Using a Vintage Citrus Crate for Our Backyard Compost Bin

Not gonna lie, when I got the idea into my head to buy some Nigerian Dwarf goats and turn the northern border of our backyard into a barnyard, dealing with goat poop was kind of an afterthought.
But after about a week or two of shoveling goat pellets I realized I needed to make a decision – fill the city green waste bin each week, or start a backyard compost bin? The DIYer / Urban Homesteader side of me decided that hording my goats poop sounded like a fantastic idea. (Even though I didn’t really have any use for compost.. like, at all.)
So to remedy my “problem” of not being in dire need of my goats weekly fecal load, I made some plans to order some rare heirloom seeds, build some raised garden beds, fill out the empty flower beds, and maybe build a greenhouse while I’m at it. Ya know, to save money. (You DIYers understand, right? Lol!)
So step one – begin saving my goats poop. I knew I would need a bin type structure for my composting plan, with good airflow but solid enough to not spill over.. it basically needed to be able to hold the small pellets as they break down to usable manure / fertilizer. So that pretty much left me with the cliche DIY Pinterest style recycled pallet bin with chicken wire dealio.
Nothing against the repurposed pallets but.. they sometimes look a bit janky in my opinion. I wanted something similar functionally but not so… I dunno.. homespun? I invested a lot of time and effort into my goat pen (click here to check it out!) and I didn’t want a bunch of crudely nailed together boards and wire with an obvious pile of goat turds to mar my little outdoor landscape. So I started thinking outside the box…
And then it hit me! Vintage citrus crates! The newer ones are all made of plastic, but the older crates are wood, with thin airflow slats – perfect for goat manure composting! And they don’t look awful! Woohoo!


It took a little bit of searching, but eventually one turned up on Craigslist for a mere $25. An old citrus farm in Ivanhoe, California was going out of business and selling the entire farm and supplies, including vintage crates, vintage wooden citrus ladders and tons of vintage barn lumber. The coolest part was that each fruit crate (ranging from the 1940’s to the 1970’s) featured stamps from local farms, providing some awesome local history to the vintage find.
Some of the crates were in terrible condition, but the majority were totally workable. It was just a matter of finding one with a logo or a location that struck my fancy. I wanted something with some obviously local history, and we eventually settled on this little beauty from T. Apkarian & Sons – an old fruit farm located in Reedley, California, approximately 25 miles southeast of Fresno. Reedley dubs itself “The World’s Fruit Basket” and it just tickles me pink to be incorporating so much local history into my little budding backyard farm.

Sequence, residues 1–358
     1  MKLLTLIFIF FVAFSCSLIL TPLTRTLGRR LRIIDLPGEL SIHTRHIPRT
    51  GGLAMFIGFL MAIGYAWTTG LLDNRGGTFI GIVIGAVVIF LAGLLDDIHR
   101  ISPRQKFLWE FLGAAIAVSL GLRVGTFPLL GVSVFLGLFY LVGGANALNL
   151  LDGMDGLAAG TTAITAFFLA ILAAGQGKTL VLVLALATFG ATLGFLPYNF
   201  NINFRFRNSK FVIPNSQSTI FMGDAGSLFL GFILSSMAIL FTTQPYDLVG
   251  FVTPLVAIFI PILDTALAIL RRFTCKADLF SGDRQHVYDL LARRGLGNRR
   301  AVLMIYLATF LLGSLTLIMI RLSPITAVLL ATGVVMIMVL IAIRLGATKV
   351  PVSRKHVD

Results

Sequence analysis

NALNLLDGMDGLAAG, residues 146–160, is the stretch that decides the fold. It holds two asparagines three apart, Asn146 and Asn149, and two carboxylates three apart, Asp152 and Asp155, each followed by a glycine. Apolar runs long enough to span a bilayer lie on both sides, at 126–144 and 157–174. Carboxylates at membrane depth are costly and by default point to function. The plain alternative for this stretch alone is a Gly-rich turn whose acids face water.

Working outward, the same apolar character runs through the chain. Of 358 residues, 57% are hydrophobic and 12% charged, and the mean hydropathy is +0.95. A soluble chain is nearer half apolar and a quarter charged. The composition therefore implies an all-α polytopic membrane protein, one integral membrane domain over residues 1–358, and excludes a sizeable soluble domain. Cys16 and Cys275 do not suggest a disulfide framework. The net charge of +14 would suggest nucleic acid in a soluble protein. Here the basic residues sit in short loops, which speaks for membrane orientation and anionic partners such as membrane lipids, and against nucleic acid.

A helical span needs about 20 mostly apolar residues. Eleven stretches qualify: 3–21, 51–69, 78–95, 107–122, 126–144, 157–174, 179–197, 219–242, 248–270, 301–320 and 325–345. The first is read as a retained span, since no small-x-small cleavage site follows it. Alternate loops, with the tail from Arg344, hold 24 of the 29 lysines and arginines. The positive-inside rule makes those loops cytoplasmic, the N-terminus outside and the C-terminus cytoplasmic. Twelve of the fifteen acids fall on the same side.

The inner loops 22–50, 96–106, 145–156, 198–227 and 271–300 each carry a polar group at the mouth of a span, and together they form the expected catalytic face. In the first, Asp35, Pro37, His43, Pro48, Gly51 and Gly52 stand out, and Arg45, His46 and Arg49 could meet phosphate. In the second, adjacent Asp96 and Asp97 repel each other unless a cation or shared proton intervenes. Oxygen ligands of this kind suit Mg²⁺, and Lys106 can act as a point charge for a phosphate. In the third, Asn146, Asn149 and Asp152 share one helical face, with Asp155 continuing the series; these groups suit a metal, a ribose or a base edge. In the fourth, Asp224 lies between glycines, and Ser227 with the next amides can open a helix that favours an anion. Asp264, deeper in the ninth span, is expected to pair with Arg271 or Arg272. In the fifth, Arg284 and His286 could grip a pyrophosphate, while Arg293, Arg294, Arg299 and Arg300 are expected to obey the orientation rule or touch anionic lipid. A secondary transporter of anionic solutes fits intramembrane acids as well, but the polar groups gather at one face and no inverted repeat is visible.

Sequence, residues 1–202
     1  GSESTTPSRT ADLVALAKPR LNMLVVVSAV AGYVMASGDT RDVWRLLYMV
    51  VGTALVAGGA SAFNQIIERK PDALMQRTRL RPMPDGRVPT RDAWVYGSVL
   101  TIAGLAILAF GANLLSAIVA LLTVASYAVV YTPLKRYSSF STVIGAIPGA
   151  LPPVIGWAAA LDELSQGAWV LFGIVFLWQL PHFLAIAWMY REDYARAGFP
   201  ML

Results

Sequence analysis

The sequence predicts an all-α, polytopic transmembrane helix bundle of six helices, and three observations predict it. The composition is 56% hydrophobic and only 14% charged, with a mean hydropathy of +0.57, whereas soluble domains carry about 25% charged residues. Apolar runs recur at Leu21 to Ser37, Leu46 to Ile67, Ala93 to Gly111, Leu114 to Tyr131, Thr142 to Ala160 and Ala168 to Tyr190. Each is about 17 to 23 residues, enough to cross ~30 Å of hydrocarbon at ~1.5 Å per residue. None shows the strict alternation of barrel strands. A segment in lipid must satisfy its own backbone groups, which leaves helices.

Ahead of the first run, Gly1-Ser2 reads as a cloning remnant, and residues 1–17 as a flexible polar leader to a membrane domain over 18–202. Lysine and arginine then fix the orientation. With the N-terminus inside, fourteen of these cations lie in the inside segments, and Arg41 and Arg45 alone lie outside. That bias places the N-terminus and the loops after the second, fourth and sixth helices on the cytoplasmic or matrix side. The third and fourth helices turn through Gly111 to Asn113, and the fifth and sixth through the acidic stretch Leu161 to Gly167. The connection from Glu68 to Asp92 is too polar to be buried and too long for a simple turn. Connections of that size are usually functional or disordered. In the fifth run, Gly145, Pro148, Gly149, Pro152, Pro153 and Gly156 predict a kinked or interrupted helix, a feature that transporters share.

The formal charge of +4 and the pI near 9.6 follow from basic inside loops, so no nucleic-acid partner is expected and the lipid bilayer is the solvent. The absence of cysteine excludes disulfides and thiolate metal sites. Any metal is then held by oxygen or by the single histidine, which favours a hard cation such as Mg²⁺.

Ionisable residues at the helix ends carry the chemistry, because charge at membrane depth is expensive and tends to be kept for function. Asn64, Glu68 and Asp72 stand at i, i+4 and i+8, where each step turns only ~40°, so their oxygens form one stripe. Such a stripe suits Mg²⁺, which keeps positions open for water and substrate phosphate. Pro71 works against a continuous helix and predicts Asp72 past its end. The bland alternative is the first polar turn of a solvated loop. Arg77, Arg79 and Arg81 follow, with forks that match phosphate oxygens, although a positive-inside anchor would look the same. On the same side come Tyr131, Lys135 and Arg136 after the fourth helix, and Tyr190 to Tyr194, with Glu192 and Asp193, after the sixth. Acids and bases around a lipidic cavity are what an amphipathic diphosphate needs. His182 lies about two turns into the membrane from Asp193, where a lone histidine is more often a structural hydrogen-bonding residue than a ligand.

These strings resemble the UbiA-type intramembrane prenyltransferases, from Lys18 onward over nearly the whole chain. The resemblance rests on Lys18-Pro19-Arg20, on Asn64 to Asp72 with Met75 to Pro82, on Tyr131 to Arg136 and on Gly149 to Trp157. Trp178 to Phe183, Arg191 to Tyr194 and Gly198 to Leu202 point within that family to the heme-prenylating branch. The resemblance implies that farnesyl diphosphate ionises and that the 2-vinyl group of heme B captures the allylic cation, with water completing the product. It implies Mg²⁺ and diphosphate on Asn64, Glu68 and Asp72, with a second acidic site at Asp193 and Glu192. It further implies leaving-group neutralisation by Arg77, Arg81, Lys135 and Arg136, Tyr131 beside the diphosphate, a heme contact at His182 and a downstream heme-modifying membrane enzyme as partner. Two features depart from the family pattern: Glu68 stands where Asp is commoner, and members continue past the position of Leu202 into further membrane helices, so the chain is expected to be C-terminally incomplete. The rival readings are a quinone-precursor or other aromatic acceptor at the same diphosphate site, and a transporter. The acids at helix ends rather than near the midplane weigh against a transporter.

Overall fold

T. Apkarian & Sons of Reedley, California 1950’s era citrus crate and fruit box logo.

We’ve been using our compost bin for about two to three weeks now, and between the two goats, the uneaten alfalfa (goats are notorious wasters of perfectly good grazing), and the soiled bedding (it’s winter, so I’m spoiling them with inches of warm straw), the bin is already close to half full! Whew! Good thing I have four raised garden beds in the work, yeah?!







So far, composting goat poop is nowhere near as messy or smelly or labor intensive as I’d feared. The naturally dry pellets are easy to collect, they are virtually odorless, they don’t attract insects or flies and they decompose at a fairly quick rate! Add the fact that the goat droppings can be used in nearly any type of garden (flowering plants, herbs, vegetables, fruit trees, etc.) and I am pretty much ready for spring!

So as far as poop containers go, how does mine look? Not too shabby, eh?!

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Gingi Freeman
Gingi Freeman
Gingi is a photographer, cosplayer, amateur chef, crazy cat lady, anime otaku, bookworm, generic geek, world traveler, conservative Christian, homeschooler, devoted military wife and stay at home new mother of two little girls.

Gingi blogs about anything and everything that is relevant to being a supermom, stay at home wife, homeschooler and geek girl! You can contact her at or via the contact form on her website at

Gingi Freeman